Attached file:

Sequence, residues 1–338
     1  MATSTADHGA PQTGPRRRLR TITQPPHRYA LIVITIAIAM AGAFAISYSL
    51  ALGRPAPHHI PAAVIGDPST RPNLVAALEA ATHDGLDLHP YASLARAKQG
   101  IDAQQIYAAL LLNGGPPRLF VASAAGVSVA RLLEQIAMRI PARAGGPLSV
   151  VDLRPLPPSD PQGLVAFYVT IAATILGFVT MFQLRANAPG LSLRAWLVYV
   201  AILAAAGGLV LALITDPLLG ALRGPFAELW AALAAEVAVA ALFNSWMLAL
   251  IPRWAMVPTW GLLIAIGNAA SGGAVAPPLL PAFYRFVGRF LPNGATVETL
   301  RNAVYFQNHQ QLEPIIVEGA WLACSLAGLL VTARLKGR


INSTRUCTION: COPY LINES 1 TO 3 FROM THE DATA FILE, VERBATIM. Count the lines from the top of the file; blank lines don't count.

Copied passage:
Sequence, residues 1–338
     1  MATSTADHGA PQTGPRRRLR TITQPPHRYA LIVITIAIAM AGAFAISYSL
    51  ALGRPAPHHI PAAVIGDPST RPNLVAALEA ATHDGLDLHP YASLARAKQG